Co-determination: Thyssenkrupp: Supervisory board in favour of entry of energy company

Co-determination: Thyssenkrupp: Supervisory board in favour of entry of energy company

The Thyssenkrupp Supervisory Board has voted in favor of Czech entrepreneur Kretinsky joining Germany’s largest steel company. The employee side was completely against it.

On Thursday, the supervisory board of the industrial group Thyssenkrupp approved a 20 percent stake in the steel division for the energy company EPCG. The decision was made with the second voting rights of the chairman of the supervisory board against the votes of the employee representatives, as Thyssenkrupp announced. At the end of April, the board reached a fundamental agreement with EPCG about joining.

The EPCG holding belongs to the Czech billionaire Daniel Kretinsky. The strategic partnership is primarily about energy supplies. Among other things, he owns all or part of the lignite companies Mibrag and Leag in eastern Germany, which in future want to increasingly generate climate-neutral electricity from renewable energies. Slovakia’s largest electricity producer, Slovenske elektrarny, also belongs to his corporate conglomerate. Kretinsky is also the largest shareholder in the wholesaler Metro. The EPCG share is to be increased to 50 percent in the future and the steel division is to become independent.

The Thyssenkrupp steel division is Germany’s largest steel company. Around 27,000 people work there, 13,000 of them in Duisburg alone. Against the backdrop of economic weakness and high energy costs, production capacities in Duisburg are to be significantly reduced, which will involve job cuts. However, details of this are still unclear.

IG Metall: Risks of the sale are completely unclear

IG Metall expressed its horror at the supervisory board’s decision. The risks arising from the sale are completely unclear, explained the second chairman of IG Metall, Jürgen Kerner. He is also deputy chairman of the supervisory board of Thyssenkrupp AG.

“The steel board is currently working on a restructuring concept that will probably result in the loss of thousands of jobs.” Billions would be required for the restructuring. “Thyssenkrupp AG is abdicating its responsibility for its employees even before the plan for the steel sector is even available.”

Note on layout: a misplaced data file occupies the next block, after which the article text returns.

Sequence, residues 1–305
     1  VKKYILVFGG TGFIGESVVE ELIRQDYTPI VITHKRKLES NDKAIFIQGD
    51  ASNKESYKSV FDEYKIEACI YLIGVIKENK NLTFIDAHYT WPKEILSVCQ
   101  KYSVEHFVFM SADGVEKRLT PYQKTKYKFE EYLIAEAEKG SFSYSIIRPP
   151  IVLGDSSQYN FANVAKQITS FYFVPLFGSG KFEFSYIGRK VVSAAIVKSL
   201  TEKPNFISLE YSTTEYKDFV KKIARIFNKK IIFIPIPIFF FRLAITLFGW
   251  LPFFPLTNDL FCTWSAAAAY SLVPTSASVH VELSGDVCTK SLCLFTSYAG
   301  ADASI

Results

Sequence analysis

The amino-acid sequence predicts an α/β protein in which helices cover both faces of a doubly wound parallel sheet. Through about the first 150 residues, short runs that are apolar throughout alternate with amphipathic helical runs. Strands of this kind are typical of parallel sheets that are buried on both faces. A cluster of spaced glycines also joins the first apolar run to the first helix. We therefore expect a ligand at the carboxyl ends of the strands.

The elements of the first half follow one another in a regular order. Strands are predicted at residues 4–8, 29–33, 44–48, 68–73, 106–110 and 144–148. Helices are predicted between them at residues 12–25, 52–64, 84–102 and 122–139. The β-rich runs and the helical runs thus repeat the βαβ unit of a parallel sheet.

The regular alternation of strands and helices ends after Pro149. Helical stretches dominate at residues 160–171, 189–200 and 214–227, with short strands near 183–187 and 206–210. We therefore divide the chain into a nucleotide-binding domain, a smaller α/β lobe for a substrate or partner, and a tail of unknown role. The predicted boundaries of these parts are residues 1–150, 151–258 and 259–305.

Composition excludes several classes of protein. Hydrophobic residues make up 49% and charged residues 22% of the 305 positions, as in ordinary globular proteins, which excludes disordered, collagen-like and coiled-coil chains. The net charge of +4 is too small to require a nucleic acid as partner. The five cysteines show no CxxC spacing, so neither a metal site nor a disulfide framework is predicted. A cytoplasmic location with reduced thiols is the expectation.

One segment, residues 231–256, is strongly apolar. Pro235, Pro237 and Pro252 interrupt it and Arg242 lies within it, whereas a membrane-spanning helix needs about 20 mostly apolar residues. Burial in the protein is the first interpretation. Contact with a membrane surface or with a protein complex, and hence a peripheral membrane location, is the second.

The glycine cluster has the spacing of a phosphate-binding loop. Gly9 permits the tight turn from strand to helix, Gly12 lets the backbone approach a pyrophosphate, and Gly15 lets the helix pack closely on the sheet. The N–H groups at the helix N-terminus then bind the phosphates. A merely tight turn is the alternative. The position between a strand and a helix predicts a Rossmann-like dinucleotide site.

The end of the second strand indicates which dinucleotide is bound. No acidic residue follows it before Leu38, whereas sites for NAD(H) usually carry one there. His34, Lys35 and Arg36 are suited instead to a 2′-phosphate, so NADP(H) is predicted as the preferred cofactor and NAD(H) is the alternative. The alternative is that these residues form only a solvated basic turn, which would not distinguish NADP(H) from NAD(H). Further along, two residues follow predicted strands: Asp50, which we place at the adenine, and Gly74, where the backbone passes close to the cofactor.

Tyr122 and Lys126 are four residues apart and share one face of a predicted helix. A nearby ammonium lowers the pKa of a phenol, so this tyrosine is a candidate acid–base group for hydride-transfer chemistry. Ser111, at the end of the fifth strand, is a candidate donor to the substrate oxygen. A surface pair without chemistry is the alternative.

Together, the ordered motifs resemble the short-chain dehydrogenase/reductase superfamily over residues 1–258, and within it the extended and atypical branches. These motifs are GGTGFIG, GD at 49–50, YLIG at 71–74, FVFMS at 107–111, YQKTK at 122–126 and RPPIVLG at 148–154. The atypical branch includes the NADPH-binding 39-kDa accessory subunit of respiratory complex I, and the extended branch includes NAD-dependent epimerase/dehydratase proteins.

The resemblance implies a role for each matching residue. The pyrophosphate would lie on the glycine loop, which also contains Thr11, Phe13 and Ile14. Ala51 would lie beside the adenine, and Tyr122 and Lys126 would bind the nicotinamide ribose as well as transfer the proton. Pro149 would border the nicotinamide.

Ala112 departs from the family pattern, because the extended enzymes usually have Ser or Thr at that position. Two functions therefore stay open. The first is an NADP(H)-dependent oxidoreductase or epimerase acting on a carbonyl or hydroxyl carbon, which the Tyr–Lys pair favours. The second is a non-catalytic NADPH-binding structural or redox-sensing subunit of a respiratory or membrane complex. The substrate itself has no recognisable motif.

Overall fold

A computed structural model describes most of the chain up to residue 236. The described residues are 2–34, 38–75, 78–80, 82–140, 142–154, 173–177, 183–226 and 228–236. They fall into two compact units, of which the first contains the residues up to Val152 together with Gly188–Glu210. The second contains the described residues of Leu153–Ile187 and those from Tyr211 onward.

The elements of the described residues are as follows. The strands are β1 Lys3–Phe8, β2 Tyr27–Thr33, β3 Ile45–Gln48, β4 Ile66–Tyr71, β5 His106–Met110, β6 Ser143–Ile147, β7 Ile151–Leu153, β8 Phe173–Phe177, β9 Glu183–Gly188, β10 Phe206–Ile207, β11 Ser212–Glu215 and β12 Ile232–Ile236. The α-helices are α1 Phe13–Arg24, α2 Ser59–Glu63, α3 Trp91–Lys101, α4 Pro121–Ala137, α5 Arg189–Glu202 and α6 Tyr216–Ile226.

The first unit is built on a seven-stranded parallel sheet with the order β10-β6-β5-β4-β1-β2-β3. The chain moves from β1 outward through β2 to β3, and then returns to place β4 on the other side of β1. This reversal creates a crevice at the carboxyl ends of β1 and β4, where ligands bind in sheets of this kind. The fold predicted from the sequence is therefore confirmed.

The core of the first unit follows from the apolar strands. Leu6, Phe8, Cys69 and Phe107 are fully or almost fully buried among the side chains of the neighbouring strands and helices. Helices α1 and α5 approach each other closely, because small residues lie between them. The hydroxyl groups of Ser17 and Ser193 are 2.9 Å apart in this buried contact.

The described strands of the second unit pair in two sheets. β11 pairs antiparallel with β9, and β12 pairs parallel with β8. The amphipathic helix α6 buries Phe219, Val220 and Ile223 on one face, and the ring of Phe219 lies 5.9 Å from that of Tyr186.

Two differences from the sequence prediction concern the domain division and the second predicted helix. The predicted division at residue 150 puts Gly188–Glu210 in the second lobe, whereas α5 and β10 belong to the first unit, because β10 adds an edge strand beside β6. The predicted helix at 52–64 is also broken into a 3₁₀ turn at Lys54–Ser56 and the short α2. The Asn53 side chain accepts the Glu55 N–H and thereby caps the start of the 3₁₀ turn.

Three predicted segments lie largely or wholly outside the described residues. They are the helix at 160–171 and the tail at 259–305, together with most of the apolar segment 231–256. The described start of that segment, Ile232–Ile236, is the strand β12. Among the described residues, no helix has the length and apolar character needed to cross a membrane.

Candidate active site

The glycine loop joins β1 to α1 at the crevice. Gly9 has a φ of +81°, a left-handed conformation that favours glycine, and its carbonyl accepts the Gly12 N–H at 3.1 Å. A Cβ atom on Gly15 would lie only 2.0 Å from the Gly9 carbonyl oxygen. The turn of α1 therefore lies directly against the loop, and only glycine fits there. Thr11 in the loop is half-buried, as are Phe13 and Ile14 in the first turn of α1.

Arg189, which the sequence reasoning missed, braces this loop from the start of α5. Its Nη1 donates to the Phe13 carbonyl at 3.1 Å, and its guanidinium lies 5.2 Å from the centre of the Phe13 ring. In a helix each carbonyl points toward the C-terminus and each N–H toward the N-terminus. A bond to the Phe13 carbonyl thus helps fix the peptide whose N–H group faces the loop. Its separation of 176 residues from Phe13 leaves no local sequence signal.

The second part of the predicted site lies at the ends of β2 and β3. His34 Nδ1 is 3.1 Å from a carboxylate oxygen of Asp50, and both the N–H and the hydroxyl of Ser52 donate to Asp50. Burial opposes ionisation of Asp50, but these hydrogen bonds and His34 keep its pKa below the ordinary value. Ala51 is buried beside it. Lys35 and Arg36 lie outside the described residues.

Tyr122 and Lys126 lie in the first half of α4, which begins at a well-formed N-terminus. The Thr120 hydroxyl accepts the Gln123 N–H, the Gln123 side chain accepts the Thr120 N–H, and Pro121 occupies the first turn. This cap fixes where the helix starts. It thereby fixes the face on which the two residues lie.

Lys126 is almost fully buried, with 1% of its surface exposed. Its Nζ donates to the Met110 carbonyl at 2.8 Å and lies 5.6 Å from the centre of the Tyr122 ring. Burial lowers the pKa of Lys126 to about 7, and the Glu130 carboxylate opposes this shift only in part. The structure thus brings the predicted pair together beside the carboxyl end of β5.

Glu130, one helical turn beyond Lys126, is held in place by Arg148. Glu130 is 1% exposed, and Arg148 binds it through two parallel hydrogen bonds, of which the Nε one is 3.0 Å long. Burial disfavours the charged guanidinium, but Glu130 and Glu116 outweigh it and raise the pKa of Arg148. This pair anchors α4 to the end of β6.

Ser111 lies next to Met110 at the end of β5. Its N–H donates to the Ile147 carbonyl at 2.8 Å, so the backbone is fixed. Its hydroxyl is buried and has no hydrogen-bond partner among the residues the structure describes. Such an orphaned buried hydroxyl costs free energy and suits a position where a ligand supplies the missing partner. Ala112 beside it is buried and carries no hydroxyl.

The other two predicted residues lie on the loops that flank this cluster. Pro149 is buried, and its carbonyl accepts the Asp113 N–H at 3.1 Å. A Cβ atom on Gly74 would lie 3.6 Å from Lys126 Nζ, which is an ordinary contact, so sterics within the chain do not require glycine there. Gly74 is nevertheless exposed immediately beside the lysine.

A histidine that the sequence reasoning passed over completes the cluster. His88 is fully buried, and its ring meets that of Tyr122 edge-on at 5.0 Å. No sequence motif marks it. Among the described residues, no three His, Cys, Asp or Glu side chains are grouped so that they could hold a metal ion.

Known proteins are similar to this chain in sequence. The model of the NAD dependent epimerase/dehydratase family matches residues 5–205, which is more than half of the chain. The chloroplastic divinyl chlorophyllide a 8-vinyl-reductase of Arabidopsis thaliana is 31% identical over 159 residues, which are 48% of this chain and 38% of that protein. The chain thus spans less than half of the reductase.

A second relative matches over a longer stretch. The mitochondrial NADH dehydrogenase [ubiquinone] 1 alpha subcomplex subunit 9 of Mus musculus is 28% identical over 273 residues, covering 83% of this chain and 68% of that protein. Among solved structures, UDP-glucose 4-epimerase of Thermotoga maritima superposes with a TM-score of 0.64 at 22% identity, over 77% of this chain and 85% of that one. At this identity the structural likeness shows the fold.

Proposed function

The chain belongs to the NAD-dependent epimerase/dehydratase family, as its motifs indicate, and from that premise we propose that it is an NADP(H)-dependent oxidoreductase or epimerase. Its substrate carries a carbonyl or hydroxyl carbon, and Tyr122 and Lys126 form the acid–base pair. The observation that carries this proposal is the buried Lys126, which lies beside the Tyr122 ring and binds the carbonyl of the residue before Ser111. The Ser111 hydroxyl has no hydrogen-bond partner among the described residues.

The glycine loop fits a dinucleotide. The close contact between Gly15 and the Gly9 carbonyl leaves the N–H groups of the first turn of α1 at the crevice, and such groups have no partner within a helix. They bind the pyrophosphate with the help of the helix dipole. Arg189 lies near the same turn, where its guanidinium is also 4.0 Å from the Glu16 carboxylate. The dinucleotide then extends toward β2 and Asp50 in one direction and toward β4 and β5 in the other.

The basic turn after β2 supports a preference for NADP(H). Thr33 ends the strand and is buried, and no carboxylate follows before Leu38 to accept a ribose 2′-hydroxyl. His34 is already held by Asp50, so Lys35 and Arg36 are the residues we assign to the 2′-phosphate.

The employee side expressly welcomes EPCG’s willingness to get involved in steel, Kerner continued. “We also understand that Mr. Kretinsky would like to gain insight into the development of the new plan.” However, this does not require a hasty approach or an immediate 20 percent stake. “Rather, prudence and clarity are now required.” Instead, there is wild activism to send the steel sector into independence. “This will meet with our fierce resistance,” he continued.

Thyssenkrupp: Strategic partnership is an important step

Thyssenkrupp, however, expressed confidence. “The entry of EPCG combines the leading materials know-how of Thyssenkrupp Steel Europe with the energy expertise of EPCG,” it said. The transaction is expected to be completed in the current financial year. “The strategic partnership with EPCG is an important step towards ensuring resilient, cost-efficient and climate-friendly steel production from Thyssenkrupp Steel – and thus also a significant contribution to securing the steel industry in Germany,” the company said.

Before the meeting, several thousand employees demonstrated at lunchtime for more say and transparency in important company decisions. IG Metall criticized that it did not know enough about EPCG’s planned entry to be able to approve it in the supervisory board. “A restructuring of Thyssenkrupp AG against the people will not succeed,” said group works council chairman Tekin Nasikkol. There must be an end to “the course against co-determination”.

López: Still no redundancies

CEO Miguel López also spoke at the rally. “We want to create socially acceptable solutions in constructive cooperation with employee representatives,” said López. “There should continue to be no redundancies for operational reasons. But we have to act so that steel from Duisburg continues to have a perspective.” There were numerous hecklers during López’s speech.

Source: Stern

Leave a Reply

Your email address will not be published. Required fields are marked *

Latest Posts